Primary myoblasts from intrauterine growth-restricted fetal sheep exhibit intrinsic dysfunction of proliferation and differentiation that coincides with enrichment of inflammatory cytokine signaling pathways

Robert J. Posont, Micah S. Most, Caitlin N. Cadaret, Eileen S. Marks-Nelson, Kristin A. Beede, Sean W. Limesand, Ty B. Schmidt, Jessica L. Petersen, Dustin T. Yates

Research output: Contribution to journalArticlepeer-review

4 Scopus citations

Abstract

Intrauterine growth restriction (IUGR) is linked to lifelong reductions in muscle mass due to intrinsic functional deficits in myoblasts, but the mechanisms underlying these deficits are not known. Our objective was to determine if the deficits were associated with changes in inflammatory and adrenergic regulation of IUGR myoblasts, as was previously observed in IUGR muscle. Primary myoblasts were isolated from IUGR fetal sheep produced by hyperthermia-induced placental insufficiency (PI-IUGR; n = 9) and their controls (n = 9) and from IUGR fetal sheep produced by maternofetal inflammation (MI-IUGR; n = 6) and their controls (n = 7). Proliferation rates were less (P < 0.05) for PI-IUGR myoblasts than their controls and were not affected by incubation with IL-6, TNF-α, norepinephrine, or insulin. IκB kinase inhibition reduced (P < 0.05) proliferation of control myoblasts modestly in basal media but substantially in TNF-α-added media and reduced (P < 0.05) PI-IUGR myoblast proliferation substantially in basal and TNF-α-added media. Proliferation was greater (P < 0.05) for MI-IUGR myoblasts than their controls and was not affected by incubation with TNF-α. Insulin increased (P < 0.05) proliferation in both MI-IUGR and control myoblasts. After 72-h differentiation, fewer (P < 0.05) PI-IUGR myoblasts were myogenin+ than controls in basal and IL-6 added media but not TNF-α-added media. Fewer (P < 0.05) PI-IUGR myoblasts were desmin+ than controls in basal media only. Incubation with norepinephrine did not affect myogenin+ or desmin+ percentages, but insulin increased (P < 0.05) both markers in control and PI-IUGR myoblasts. After 96-h differentiation, fewer (P < 0.05) MI-IUGR myoblasts were myogenin+ and desmin+ than controls regardless of media, although TNF-α reduced (P < 0.05) desmin+ myoblasts for both groups. Differentiated PI-IUGR myoblasts had greater (P < 0.05) TNFR1, ULK2, and TNF-α-stimulated TLR4 gene expression, and PI-IUGR semitendinosus muscle had greater (P < 0.05) TNFR1 and IL6 gene expression, greater (P < 0.05) c-Fos protein, and less (P < 0.05) IκBα protein. Differentiated MI-IUGR myoblasts had greater (P < 0.05) TNFR1 and IL6R gene expression, tended to have greater (P = 0.07) ULK2 gene expression, and had greater (P < 0.05) β-catenin protein and TNF-α-stimulated phosphorylation of NFκB. We conclude that these enriched components of TNF-α/TNFR1/NFκB and other inflammatory pathways in IUGR myoblasts contribute to their dysfunction and help explain impaired muscle growth in the IUGR fetus.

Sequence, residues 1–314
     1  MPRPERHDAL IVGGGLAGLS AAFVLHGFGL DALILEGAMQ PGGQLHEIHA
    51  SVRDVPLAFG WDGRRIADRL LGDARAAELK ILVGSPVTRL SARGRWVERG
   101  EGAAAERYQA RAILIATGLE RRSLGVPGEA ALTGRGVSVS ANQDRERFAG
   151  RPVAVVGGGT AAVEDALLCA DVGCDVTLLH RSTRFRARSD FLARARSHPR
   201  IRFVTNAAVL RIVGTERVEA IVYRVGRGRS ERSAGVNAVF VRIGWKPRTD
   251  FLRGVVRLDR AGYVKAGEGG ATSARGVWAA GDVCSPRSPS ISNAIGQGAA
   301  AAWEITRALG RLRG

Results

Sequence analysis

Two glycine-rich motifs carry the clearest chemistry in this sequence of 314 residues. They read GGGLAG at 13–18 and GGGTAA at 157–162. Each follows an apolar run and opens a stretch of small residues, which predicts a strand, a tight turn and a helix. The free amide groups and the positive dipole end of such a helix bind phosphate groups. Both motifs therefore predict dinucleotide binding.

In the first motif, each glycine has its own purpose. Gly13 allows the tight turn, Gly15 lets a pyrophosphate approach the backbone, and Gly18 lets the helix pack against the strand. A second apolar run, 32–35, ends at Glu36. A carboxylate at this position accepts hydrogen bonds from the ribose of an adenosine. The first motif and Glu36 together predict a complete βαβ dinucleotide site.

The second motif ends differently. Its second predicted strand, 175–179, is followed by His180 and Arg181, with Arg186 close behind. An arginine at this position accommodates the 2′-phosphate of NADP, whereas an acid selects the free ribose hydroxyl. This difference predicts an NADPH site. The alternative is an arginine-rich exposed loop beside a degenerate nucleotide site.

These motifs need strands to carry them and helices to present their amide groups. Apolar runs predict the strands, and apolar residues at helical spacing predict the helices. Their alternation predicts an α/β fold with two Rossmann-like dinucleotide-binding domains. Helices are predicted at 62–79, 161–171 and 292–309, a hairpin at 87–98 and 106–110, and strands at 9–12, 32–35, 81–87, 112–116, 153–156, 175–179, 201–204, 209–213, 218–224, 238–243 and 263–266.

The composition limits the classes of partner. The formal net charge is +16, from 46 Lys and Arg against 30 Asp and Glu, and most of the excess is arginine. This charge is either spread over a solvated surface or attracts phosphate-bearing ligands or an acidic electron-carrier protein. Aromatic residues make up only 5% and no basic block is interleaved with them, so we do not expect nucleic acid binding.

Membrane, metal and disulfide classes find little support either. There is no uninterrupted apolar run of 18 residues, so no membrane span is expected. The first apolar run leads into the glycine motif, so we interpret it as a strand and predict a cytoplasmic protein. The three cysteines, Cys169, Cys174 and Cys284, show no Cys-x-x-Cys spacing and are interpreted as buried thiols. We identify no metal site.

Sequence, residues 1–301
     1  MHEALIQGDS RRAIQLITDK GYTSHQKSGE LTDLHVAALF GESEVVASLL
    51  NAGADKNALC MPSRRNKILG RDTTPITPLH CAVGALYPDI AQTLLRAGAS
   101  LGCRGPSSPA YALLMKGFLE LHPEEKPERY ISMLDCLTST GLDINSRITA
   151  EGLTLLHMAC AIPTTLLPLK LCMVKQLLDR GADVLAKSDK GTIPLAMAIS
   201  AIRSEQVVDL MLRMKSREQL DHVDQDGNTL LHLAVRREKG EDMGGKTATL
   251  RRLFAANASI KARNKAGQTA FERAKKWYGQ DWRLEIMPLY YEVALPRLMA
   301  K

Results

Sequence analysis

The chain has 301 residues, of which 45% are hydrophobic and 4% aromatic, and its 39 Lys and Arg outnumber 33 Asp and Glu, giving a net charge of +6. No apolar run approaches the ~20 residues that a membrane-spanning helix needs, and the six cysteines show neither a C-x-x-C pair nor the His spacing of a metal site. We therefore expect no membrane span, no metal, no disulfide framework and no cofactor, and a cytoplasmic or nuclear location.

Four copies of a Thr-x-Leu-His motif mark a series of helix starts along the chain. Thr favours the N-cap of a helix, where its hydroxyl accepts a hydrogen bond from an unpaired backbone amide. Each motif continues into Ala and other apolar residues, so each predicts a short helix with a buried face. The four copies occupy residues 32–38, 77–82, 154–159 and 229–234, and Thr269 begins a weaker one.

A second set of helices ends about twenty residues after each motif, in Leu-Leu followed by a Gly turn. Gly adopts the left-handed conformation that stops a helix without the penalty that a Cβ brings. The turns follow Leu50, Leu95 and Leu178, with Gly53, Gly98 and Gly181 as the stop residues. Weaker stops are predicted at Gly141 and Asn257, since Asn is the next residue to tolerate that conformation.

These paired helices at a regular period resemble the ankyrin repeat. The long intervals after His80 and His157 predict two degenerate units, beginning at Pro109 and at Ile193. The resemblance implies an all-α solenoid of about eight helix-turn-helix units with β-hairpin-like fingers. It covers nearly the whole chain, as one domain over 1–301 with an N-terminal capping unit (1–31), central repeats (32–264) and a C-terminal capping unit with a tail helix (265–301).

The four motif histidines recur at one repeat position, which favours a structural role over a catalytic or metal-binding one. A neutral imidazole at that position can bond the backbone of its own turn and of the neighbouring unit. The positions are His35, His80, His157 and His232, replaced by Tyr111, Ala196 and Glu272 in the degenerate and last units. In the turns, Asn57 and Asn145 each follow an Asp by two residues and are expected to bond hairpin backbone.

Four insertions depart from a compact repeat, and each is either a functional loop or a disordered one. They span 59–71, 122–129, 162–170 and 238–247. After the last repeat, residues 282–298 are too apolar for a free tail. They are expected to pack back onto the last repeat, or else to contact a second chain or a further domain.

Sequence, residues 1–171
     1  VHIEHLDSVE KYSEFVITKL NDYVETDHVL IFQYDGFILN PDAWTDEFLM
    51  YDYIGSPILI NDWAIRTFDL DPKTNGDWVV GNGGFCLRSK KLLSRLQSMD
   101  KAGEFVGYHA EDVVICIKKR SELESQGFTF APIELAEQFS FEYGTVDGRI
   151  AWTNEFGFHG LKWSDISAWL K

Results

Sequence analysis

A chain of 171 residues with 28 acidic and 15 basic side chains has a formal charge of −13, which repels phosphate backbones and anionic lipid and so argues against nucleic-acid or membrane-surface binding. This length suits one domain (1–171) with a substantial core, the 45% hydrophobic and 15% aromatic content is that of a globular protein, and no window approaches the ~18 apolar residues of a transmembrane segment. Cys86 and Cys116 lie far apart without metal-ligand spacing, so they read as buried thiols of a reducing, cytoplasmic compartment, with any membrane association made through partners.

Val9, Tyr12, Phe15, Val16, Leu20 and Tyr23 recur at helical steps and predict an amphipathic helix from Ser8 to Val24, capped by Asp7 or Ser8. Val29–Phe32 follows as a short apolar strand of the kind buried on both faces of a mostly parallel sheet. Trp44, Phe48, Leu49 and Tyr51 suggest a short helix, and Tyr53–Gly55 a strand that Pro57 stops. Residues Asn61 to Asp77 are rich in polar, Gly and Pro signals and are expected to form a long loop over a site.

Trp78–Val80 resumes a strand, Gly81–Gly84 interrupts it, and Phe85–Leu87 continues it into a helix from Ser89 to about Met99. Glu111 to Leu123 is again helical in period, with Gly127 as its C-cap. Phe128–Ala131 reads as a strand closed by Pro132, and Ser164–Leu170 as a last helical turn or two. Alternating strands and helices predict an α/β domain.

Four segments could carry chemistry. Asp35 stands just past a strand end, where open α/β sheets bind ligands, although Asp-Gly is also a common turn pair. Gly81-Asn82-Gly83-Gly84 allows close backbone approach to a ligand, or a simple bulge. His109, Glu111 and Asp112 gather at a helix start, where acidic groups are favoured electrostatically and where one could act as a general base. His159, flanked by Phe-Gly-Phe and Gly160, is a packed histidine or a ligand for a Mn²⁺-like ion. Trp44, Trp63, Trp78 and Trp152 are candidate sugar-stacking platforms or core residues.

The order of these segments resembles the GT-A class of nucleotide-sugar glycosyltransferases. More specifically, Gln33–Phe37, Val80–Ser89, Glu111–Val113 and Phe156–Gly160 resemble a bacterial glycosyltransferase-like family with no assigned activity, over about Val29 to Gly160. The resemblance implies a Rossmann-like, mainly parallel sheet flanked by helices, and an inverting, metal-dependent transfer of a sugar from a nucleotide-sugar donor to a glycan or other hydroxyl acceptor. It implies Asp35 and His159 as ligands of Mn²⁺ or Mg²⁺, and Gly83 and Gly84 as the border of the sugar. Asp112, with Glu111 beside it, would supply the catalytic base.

Original languageEnglish (US)
Article numberskac145
JournalJournal of animal science
Volume100
Issue number8
DOIs
StatePublished - Aug 1 2022

Keywords

  • adaptive fetal programming
  • developmental origins of health and disease
  • fetal growth restriction
  • muscle hypertrophy
  • small for gestational age
  • thrifty phenotype

ASJC Scopus subject areas

  • Food Science
  • Genetics
  • Animal Science and Zoology

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